christmas assisi umbria

A water element. Since a short caused a fire about 15 years ago, the team keeps water and electricity as far from each other as possible.

christmas umbria

The B-list characters are the last to make a cameo appearance, filling in any holes during the final retouches.

After the holidays, the team breaks the scene down again, repairs and packs away the pieces, and begins laboring over new buildings and elements for the following year, when they will meet up, have a leisurely caffè, and start work all over again.

presepe assisi umbria

These oxen and their farmer have been in the Rivotorto Nativity scene since the beginning. They are older than I am.

Read the posts, leave comments, share them with your friends – and tune in next month for another Italy Blogging Roundtable topic!

classical music umbria
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Eyes and Ears: Winter Concerts in Perugia’s Sala dei Notari

Way back in November, the Italy Blogging Roundtable took on the theme of “Winter”. I got a little behind, so finally managed to share one of my favorite winter activities in February. But it’s still cold so it still counts. Take a look at posts by Georgette JupeJessica Spiegel, Melanie RenzulliAlexandra Korey, Gloria, Laura Thayer, and Michele Fabio. (If you missed the previous months, take a look here.) Welcome to our table on this cold winter day…come pull up a chair and join in on the conversation!

The thing I’m proud of: I love classical music. I do. I love a lazy morning with grey skies, a cuppa, and a little Satie for mood. I love a full orchestra, a crowded hall, and a rousing Austrian symphony. I love a quiet café, a comfy armchair, and some Bach on the guitar.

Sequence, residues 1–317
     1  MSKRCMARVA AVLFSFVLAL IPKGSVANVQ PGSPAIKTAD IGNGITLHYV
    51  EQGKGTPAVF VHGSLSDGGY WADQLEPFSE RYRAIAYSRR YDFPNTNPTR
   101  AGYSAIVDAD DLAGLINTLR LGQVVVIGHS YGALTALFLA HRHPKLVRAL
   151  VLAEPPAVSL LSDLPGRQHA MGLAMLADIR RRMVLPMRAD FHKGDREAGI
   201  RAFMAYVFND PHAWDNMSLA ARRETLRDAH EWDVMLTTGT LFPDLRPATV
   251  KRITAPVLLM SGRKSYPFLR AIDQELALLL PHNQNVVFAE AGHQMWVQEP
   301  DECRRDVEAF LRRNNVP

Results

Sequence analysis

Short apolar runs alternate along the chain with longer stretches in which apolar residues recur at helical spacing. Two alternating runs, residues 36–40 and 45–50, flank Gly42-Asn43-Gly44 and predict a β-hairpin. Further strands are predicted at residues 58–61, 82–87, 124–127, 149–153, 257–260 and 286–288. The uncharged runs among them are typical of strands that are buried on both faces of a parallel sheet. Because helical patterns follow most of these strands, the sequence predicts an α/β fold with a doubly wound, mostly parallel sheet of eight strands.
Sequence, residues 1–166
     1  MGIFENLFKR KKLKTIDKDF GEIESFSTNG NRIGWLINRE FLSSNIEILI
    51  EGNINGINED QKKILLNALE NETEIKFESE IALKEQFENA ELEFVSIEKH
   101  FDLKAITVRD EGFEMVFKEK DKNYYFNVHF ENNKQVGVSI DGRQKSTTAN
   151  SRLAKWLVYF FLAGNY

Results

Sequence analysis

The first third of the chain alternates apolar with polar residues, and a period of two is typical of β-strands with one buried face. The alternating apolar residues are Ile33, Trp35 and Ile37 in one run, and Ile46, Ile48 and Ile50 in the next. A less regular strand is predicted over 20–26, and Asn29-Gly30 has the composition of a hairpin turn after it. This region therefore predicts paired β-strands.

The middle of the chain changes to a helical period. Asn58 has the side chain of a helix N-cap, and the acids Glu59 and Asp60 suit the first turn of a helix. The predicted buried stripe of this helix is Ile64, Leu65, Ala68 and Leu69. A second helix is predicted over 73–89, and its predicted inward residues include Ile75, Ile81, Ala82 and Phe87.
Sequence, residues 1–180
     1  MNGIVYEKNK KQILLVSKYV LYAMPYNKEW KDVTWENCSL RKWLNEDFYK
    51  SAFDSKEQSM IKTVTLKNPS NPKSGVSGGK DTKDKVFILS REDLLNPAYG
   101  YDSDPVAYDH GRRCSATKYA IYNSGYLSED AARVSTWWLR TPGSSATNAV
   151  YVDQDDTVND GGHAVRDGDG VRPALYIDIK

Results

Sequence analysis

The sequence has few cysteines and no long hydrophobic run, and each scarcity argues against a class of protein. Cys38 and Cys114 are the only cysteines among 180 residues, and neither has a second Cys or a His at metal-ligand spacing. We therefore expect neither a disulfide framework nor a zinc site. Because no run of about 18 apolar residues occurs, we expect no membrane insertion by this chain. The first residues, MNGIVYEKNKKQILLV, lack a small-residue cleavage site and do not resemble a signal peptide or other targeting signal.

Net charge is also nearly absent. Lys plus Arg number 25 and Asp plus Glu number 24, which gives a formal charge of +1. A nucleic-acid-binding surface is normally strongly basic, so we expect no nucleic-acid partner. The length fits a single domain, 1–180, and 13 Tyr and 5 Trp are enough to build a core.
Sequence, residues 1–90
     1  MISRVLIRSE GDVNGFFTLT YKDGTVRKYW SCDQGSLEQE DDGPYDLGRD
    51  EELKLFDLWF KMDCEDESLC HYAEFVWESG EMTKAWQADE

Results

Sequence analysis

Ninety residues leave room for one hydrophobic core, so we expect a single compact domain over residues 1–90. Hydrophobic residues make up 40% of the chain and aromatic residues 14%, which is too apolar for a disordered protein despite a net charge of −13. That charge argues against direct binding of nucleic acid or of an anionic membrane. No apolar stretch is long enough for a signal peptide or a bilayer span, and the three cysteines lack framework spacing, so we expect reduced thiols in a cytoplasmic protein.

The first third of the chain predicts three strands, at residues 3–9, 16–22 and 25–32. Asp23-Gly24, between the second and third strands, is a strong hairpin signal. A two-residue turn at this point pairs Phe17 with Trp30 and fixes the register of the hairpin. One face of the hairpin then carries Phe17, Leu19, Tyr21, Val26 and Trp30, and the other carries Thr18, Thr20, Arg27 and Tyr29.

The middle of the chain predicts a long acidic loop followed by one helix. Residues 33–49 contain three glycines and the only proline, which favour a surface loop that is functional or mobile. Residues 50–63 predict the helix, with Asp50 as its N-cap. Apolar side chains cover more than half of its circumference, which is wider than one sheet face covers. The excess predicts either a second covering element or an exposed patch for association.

The thing I’m not so proud of: I have the attention span of a four-month-old Labrador puppy. I do. No matter how much I may be enjoying a concert, after about thirteen minutes I start shifting in my seat and the desire to crack my knuckles becomes overwhelming and I am distracted by the lady’s perfume three rows behind me and is it just me or is it hot in here? and…anyway.

classical music in perugia

I’ve found that the perfect solution is to combine a concert with a venue that offers a bit of eye candy. I am a great fan of the summer Sagra Musicale Umbra for just that reason, which is organized by the Amici della Musica association. This same cultural organization has a regular concert season with runs through the winter and offers a number of excellent classical music concerts—from choral pieces to symphonies to individual performers—in some of the most beautiful spots around Perugia.